As of January 24, 2012, however, the maximum discount on diapers and wipes is 20 percent and it’s only available to Prime members. Customers who join Amazon Mom in 2012 get three months of free two-day shipping, and can no longer receive additional free months. “To continue receiving all the benefits of Amazon Mom, join Amazon Prime for $79/year,” the company e-mailed customers.

Moms are mad and have launched a petition.  Via Paid Content.


  • Perfect Partners by Carly Phillips * $0.99 * A | BN | K|
  • Once Upon a Wicked Night by Jennifer Haymore * $0.99 * A | BN | K|
  • Solitary Man by Carly Phillips * $0.99 * A | BN | K|
  • The Right Choice by Carly Phillips * $0.99 * A | BN | K|
  • A Dance in the Dark by Karen Ranney * $0.99 * A | BN | K|
  • Only Love by Elizabeth Lowell * $1.99 * A | BN | K|
  • Only His by Elizabeth Lowell * $1.99 * A | BN | K|
  • Only You by Elizabeth Lowell * $1.99 * A | BN | K|
  • The Inn at Eagle Point by Sherryl Woods * $2.14 * A | BN | K|
  • Charming the Shrew by Laurin Wittig * $2.99 * A | BN | K|
  • Exclusively Yours by Shannon Stacey * $2.99 * A | BN | K|
  • The Big Bad Wolf Romance Bundle by Heather Killough-Walden * $3.99 * A | BN | K |

Jane Litte is the founder of Dear Author, a lawyer, and a lover of pencil skirts. She spends her downtime reading romances and writing about them. Her TBR pile is much larger than the one shown in the picture and not as pretty. You can reach Jane by email at jane @ dearauthor dot com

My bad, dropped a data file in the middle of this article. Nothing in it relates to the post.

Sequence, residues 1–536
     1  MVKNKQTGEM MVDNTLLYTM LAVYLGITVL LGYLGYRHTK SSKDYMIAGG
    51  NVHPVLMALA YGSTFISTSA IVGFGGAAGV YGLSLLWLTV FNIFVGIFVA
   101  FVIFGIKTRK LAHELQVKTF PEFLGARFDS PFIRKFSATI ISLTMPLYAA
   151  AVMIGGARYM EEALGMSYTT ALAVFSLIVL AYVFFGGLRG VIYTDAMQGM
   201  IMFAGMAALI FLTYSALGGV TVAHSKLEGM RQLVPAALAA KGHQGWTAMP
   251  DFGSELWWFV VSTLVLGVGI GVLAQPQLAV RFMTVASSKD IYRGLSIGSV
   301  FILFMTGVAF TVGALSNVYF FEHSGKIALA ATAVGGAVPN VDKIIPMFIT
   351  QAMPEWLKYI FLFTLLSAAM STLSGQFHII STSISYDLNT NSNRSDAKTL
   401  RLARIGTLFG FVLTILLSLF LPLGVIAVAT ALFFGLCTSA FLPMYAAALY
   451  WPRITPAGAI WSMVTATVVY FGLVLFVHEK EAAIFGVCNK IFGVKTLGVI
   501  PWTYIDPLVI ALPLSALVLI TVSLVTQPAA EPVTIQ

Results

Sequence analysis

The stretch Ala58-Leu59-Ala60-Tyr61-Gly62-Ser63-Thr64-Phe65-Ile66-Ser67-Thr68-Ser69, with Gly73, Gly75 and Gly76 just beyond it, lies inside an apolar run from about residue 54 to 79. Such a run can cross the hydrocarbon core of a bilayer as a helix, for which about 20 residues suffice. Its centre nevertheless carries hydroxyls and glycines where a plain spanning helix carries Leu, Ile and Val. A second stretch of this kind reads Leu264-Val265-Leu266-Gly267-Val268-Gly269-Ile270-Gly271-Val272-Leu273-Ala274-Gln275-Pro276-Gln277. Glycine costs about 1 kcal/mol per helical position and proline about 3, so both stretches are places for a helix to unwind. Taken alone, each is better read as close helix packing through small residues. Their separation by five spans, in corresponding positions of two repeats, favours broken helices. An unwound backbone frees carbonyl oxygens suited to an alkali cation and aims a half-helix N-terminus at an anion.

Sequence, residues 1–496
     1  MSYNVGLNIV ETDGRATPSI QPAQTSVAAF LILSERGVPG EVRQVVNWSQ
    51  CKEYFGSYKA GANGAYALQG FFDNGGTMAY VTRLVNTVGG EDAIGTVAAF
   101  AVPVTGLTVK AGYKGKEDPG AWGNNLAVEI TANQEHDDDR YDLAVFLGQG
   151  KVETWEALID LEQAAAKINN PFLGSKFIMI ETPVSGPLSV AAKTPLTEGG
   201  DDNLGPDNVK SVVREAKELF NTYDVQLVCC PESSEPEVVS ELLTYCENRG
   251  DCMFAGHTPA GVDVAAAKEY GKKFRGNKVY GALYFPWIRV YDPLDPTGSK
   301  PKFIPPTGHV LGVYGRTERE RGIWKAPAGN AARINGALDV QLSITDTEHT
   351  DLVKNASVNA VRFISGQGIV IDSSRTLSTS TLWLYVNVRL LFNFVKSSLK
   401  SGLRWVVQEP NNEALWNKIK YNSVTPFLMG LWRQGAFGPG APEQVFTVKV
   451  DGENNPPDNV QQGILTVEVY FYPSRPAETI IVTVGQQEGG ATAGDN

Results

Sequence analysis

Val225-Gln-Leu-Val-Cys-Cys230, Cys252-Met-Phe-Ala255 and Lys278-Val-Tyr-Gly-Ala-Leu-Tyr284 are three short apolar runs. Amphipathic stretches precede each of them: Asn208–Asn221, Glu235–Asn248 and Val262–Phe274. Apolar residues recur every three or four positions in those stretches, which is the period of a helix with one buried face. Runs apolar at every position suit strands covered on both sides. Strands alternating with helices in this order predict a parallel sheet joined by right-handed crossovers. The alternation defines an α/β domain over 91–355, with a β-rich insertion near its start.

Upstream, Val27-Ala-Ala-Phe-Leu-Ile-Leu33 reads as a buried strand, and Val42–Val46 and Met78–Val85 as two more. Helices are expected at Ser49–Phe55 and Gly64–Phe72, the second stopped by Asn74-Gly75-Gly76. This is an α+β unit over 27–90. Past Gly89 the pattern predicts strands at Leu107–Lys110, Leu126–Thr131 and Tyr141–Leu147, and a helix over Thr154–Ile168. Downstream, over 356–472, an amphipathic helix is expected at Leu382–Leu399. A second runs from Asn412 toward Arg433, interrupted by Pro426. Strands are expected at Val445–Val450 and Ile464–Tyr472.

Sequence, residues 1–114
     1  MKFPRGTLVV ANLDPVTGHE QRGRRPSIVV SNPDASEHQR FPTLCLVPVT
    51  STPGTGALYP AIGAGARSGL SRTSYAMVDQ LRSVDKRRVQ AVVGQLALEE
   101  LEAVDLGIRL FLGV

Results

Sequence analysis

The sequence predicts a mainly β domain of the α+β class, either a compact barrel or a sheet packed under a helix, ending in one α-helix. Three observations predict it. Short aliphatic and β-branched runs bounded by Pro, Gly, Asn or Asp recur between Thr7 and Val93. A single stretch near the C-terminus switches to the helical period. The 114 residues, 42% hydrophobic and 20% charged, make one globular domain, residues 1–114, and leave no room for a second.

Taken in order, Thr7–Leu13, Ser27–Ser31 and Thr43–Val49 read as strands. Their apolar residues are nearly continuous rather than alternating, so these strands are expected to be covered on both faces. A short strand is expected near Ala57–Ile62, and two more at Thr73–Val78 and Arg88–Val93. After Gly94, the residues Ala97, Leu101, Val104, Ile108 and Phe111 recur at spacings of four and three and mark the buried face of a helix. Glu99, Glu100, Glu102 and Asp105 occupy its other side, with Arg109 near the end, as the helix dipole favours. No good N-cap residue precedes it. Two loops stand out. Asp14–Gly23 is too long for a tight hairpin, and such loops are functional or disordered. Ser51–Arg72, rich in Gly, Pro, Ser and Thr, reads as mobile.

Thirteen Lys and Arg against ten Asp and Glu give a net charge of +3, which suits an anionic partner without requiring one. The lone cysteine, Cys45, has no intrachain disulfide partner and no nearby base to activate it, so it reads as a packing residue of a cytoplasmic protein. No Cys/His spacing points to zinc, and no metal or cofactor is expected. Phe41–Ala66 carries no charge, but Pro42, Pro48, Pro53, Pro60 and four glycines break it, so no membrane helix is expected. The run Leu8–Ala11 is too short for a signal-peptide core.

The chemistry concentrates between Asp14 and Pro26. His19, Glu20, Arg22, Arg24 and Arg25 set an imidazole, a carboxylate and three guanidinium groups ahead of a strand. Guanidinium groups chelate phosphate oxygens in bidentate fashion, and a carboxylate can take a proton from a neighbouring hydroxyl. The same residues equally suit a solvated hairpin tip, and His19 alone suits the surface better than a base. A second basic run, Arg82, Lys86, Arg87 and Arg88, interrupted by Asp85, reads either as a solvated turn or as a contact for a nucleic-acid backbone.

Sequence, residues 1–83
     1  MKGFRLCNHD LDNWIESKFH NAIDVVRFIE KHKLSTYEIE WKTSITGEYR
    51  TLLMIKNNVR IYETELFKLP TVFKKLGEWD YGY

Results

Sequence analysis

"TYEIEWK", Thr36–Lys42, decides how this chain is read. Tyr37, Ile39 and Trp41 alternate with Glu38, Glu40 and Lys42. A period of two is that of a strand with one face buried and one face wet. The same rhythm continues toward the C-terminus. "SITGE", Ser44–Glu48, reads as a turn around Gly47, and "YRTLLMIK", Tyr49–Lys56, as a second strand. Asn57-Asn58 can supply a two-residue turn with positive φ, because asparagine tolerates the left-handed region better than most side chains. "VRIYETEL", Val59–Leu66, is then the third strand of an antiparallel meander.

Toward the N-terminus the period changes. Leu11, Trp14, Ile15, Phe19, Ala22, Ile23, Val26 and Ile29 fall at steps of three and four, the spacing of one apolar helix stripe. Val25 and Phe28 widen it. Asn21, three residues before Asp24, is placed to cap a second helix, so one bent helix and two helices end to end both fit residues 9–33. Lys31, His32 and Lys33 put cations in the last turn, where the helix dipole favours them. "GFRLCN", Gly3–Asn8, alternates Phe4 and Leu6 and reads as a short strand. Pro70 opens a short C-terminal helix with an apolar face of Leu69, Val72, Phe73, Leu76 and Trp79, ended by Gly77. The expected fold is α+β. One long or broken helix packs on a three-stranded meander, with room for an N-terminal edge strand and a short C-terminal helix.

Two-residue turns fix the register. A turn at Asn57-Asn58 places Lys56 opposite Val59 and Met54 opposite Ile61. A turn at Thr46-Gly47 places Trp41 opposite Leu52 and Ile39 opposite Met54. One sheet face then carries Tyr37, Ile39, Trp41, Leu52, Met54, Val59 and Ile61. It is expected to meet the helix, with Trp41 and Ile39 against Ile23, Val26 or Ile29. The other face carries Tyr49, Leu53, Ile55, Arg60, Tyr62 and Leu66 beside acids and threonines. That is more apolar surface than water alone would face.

1. Danielle D
    Feb 15, 2012 @ 10:22:57

    Thanks for the link to Book Smuggler’s survey.


  2. Dabney
    Feb 15, 2012 @ 10:35:28

    I appreciated the link to the Awl piece. I’ve argued for years that the prejudice against romance novels is not only uninformed, it’s sexist. The Awl piece spells out why.

    Thanks for sharing!


  3. Moriah Jovan
    Feb 15, 2012 @ 10:57:06

    I loved that article right up until she trotted out the “romance might be porn for women” chestnut. Really? Ya HAD to go there? Pffftt.


  4. Thea
    Feb 15, 2012 @ 11:26:26

    Thank you so much for the link and shoutout, Jane and DA folks!!!


  5. Gina
    Feb 15, 2012 @ 11:32:46

    Considering the time, hassle, and expense involved in trudging to the store with baby in tow to pay full price for diapers et al, 20% off and home delivery for any length of time is a kindness, and $79 for the rest of the year is still a bargain.